Earthquakes and Polarized light

I had to get up early last Saturday to catch my flight back home from Dunedin to Hamilton, via Christchurch. My fears of sleeping through the alarm clock proved irrelevant as I was supplied with a rather more violent variety courtesy of plate tectonics underneath Christchurch. (Dunedin is a long way from Christchurch – given the extent of the shake in Dunedin all I can think is that it must have been a nightmare for those close by). 

I turned up at the airport with my PhD student on time to discover, really to no great surprise, that we weren’t going to be flying to Christchurch that morning. Instead, we got put on a flight to Wellington, and had several hours to wait there before a flight with space on to Hamilton.

But there’s a lot to do in Wellington for a few hours, so my PhD student and I went off to Te Papa for a look around. One of the things we had a look at was the colossal squid. As part of that display, there is a short 3D film, using polarizing glasses to view it.  These glasses work by selecting just one polarization for each eye – so that each eye sees a slightly different view, which the brain interprets as a 3D image. Two pictures are projected onto the screen, in two different polarizations. Being physicists, we duly played with a couple of pairs of glasses, putting a left-eye lens over a right-eye lens and observing that everything went dark. 

So what is polarized light?  Light is an electromagnetic wave – it has a magnetic field and an electric field. We are probably more familiar with magnetic fields – it’s what causes a compass to work. Electric fields are associated with electric charges – we experience them with things like static electricity. The electric field and magnetic field are always perpendicular to each other, and perpendicular to the direction of travel of the wave. So if a wave is coming towards you, the electric field might be pointing straight up, and the magnetic horizontally, or the electric might be pointing horizontally and the magnetic vertically, or both at some other angle (so long as the two are 90 degrees apart).  The polarizing glasses probably contain a material that is strongly directional – e.g. chain like structures orientated in a particular direction, that allow the light to pass if it has (say) the electric field aligned vertically, but absorbs the light if the field is aligned horizontally. Thus they are selective to a signle polarization.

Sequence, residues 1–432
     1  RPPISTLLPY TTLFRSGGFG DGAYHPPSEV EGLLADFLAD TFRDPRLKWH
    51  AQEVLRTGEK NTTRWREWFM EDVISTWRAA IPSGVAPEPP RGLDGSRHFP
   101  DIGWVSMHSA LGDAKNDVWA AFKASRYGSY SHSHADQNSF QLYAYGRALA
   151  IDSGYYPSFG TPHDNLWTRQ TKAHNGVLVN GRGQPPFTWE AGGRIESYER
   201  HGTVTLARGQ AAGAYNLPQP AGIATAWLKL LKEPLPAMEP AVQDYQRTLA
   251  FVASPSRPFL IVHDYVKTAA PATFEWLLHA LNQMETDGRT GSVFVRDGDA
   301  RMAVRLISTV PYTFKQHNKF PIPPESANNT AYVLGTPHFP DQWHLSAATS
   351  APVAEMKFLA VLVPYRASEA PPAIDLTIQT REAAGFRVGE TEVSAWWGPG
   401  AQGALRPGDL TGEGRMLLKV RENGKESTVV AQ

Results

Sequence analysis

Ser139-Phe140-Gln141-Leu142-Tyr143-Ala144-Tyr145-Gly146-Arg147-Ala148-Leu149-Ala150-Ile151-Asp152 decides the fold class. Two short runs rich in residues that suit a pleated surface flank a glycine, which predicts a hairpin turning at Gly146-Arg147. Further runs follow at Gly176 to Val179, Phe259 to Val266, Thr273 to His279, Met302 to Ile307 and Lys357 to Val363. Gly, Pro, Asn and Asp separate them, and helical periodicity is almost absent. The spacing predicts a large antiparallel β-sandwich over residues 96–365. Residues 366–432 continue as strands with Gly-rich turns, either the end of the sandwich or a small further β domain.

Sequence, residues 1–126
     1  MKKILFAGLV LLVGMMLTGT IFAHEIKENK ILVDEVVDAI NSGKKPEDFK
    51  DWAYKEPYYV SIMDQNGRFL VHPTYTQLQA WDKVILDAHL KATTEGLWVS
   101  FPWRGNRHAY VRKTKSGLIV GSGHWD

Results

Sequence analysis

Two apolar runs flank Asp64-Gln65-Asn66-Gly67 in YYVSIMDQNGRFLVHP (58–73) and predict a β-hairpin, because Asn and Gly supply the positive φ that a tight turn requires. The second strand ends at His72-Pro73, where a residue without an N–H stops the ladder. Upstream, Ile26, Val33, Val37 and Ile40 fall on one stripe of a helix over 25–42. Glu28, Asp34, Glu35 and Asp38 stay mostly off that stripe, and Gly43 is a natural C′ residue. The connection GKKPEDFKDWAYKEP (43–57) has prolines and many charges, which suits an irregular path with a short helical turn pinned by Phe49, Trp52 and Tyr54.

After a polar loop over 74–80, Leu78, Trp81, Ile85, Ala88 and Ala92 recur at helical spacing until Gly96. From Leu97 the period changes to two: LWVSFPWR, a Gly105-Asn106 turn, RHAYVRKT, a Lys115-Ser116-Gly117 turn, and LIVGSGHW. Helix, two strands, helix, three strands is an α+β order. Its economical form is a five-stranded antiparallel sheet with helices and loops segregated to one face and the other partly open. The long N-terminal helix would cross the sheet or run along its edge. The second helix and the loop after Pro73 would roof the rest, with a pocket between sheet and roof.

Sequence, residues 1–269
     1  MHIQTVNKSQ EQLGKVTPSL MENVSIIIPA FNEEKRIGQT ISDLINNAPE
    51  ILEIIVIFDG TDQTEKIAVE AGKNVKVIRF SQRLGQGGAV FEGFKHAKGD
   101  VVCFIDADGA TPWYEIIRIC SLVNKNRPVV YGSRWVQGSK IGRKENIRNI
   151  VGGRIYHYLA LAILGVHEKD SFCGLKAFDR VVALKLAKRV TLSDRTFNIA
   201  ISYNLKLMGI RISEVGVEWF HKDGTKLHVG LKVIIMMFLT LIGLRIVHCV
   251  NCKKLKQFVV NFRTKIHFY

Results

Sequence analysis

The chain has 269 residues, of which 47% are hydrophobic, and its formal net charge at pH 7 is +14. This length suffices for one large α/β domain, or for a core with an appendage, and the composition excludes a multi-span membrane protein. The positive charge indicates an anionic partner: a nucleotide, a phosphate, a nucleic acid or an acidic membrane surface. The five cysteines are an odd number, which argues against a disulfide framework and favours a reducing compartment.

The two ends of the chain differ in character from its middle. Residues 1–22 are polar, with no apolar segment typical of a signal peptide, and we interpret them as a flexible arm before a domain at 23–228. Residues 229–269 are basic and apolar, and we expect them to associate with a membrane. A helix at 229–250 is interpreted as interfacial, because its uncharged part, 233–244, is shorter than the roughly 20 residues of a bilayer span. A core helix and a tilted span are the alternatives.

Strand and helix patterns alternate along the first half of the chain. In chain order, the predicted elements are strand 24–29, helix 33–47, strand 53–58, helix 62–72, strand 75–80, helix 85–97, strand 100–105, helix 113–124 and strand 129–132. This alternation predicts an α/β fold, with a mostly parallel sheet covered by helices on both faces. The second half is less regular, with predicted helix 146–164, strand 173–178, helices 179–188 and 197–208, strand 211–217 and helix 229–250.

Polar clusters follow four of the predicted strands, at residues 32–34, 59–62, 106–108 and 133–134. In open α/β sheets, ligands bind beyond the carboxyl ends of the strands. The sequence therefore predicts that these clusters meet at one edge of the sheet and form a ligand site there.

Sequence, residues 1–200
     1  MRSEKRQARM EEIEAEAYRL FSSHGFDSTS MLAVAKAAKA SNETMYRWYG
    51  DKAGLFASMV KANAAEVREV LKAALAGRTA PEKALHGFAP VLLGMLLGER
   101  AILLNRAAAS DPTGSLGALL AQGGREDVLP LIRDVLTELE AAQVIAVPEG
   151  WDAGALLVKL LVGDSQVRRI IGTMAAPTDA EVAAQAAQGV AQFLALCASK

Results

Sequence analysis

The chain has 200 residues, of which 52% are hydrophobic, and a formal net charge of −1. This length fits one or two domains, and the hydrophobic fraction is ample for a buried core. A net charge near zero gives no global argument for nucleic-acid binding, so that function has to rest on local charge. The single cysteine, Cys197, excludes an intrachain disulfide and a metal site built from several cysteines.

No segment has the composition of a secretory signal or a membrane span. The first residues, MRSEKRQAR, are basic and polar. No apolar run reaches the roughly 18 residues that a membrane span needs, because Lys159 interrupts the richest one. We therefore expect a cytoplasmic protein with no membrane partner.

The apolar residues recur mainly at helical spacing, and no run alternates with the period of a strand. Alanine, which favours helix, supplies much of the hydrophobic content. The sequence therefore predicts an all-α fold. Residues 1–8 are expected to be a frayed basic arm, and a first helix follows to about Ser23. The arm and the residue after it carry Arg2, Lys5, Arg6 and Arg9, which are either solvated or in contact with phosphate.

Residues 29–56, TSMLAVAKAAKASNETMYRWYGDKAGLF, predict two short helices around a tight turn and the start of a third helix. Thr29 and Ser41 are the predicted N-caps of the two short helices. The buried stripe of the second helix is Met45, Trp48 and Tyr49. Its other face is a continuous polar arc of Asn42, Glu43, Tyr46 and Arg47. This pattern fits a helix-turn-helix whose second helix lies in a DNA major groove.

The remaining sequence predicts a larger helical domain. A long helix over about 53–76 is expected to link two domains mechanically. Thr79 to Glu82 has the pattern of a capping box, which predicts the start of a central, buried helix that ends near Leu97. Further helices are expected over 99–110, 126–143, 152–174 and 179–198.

A similar 3d effect can be achieved with red and green filters, but the disadvantage is that you don’t see the film in colour.  (The colour of light depends on the  frequency of the wave’s oscillation, and is independent of polarization).  But the 3d film using polarizers isn’t ‘perfect’, you also need to make sure the screen doesn’t destroy the polarization of the projected light, so usually you need to invest in a ‘silver’ screen too.

Quite fun, but whatever way you view 3d films you still need to wear glasses which make them still a bit of a strange experience.

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